Joy Division’s Peter Hook Shares The Greatest Tragedy Of Ian Curtis’ Passing

Joy Division bassist Peter Hook opened up to Guardian about his childhood, his Haçienda times, and the terms he came about losing Ian Curtis, the band’s lead vocalist. The bassist explained the acceptance he felt toward the matter:

“I’m at peace with Ian Curtis. I have an oil painting of him on my wall. I visit him whenever I pass the cemetery. I used to hold his tongue when he was having epileptic fits. You don’t forget something like that. I was thinking about him the other day, about how in the days before he killed himself, he was giving all his stuff away. But they say that’s what people do when they’re going to kill themselves.”

Peter also shared his opinion on the actual tragedy in Curtis’ suicide:

“The tragedy of Ian isn’t the music he didn’t make, but that he didn’t get to be a father to his daughter.”

Ian Curtis’ daughter Natalie Curtis talked about her involvement in Anton Corbijn’s ‘Control,’ 2007 movie based on Ian Curtis’ life. She mentioned the first time she listened to Joy Division’s 1980 album ‘Control:’

“The first time I heard their album Closer, I thought it was out of this world. I assumed all music was done with that level of style and intelligence. As I grew older, it was a shock to discover not everything was that amazing.”

She also shared her opinions, and feelings about her father’s suicide, stating she approaches the matter with empathy:

“There was more of a stigma attached to being epileptic then and people were a lot less well informed. My father also suffered from mood swings and depression. You read about mental health services being cut now, but God knows what it must have been like in the late 70s. There were loads of side-effects to his medication. It’s likely that the epilepsy and the medication would have exacerbated the depression, although there was no provision for dealing with this.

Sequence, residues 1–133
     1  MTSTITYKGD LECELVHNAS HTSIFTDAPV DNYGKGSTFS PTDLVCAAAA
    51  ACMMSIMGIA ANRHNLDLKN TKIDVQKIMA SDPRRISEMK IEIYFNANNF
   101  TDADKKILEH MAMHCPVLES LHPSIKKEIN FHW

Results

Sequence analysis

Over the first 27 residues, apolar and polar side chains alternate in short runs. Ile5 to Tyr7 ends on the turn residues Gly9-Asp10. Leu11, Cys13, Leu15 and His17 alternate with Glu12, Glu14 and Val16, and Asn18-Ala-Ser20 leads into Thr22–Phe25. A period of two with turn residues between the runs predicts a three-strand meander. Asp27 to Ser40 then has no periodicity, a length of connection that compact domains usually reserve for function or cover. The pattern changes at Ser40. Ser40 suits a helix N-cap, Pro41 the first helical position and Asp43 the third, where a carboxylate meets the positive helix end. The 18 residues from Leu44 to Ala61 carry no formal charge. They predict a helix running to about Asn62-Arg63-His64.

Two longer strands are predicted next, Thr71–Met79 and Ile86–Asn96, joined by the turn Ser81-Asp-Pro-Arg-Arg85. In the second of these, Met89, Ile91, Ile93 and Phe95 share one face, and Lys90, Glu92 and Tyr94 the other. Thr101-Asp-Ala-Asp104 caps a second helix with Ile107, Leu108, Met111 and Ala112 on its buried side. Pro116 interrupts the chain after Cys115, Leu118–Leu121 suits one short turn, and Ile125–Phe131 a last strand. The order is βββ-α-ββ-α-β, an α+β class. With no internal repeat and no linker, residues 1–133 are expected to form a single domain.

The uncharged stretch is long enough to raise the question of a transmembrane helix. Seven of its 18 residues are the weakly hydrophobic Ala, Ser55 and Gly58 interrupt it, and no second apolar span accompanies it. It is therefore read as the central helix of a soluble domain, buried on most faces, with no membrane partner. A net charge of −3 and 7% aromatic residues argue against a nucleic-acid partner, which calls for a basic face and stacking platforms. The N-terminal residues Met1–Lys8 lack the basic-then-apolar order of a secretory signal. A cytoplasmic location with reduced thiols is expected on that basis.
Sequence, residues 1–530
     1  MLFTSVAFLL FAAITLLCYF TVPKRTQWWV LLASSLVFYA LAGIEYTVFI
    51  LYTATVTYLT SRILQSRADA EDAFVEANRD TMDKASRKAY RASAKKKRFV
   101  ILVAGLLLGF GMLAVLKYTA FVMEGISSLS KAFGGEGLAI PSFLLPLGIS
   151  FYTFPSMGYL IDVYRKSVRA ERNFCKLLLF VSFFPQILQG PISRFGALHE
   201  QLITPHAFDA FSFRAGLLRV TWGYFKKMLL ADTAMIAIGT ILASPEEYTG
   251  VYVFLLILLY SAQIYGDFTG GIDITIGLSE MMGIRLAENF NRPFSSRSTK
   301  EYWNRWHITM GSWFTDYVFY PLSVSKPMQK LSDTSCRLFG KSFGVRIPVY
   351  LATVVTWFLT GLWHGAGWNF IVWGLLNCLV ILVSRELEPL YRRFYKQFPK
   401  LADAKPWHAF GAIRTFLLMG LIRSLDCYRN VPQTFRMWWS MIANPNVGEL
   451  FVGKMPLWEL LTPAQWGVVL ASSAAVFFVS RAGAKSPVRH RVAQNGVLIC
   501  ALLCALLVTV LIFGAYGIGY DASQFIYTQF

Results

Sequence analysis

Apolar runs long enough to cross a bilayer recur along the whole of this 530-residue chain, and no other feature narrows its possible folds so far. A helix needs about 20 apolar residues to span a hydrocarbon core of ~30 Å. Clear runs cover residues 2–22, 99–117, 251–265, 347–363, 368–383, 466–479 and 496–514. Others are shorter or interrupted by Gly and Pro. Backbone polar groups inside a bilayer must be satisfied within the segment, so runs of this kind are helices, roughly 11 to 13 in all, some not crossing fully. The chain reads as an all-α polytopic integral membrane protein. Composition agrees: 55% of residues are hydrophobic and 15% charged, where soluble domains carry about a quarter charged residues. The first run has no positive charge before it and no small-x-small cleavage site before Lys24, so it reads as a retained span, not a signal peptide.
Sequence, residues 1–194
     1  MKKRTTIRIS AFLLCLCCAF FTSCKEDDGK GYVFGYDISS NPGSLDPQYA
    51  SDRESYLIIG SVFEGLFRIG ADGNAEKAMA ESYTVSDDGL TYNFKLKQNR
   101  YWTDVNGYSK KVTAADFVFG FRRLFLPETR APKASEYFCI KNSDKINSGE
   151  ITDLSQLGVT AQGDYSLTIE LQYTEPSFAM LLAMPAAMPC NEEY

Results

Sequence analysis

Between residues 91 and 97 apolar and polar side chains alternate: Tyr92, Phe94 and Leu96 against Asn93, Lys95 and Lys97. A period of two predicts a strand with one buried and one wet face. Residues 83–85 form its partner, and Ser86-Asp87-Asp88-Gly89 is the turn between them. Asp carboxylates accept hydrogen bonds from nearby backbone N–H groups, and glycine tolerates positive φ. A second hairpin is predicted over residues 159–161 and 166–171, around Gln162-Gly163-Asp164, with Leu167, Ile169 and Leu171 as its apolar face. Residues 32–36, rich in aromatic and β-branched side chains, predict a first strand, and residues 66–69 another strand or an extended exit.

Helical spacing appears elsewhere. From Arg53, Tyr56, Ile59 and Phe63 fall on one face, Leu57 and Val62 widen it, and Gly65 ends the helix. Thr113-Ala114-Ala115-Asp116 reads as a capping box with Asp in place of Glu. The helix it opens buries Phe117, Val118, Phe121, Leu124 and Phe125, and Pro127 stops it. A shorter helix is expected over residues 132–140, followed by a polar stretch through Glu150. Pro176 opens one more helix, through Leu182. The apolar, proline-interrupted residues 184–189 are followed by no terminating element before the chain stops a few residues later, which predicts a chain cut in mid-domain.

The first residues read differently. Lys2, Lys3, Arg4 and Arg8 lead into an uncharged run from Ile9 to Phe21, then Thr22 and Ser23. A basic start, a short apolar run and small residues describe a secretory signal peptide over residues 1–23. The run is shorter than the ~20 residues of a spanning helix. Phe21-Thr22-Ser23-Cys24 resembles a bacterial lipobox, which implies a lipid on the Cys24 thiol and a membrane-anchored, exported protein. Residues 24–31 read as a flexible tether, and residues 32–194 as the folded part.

People constantly ask, ‘Why did he kill himself?’ To me it seems obvious – because he was really depressed. Bernard [Sumner, Joy Division guitarist] told me that my father used to drink before performing, which may explain his on-stage fits, because alcohol is a seizure trigger. I’ve never really felt angry at my father for committing suicide, nor was I emotional about it all being brought up in the film because it’s been there every day for me, although I’ve not had a tortured life.”

Peter Hook released ‘Peter Hook Presents: Dream EP (Joy Division Orchestrated’ in 2021. You can check out the album here.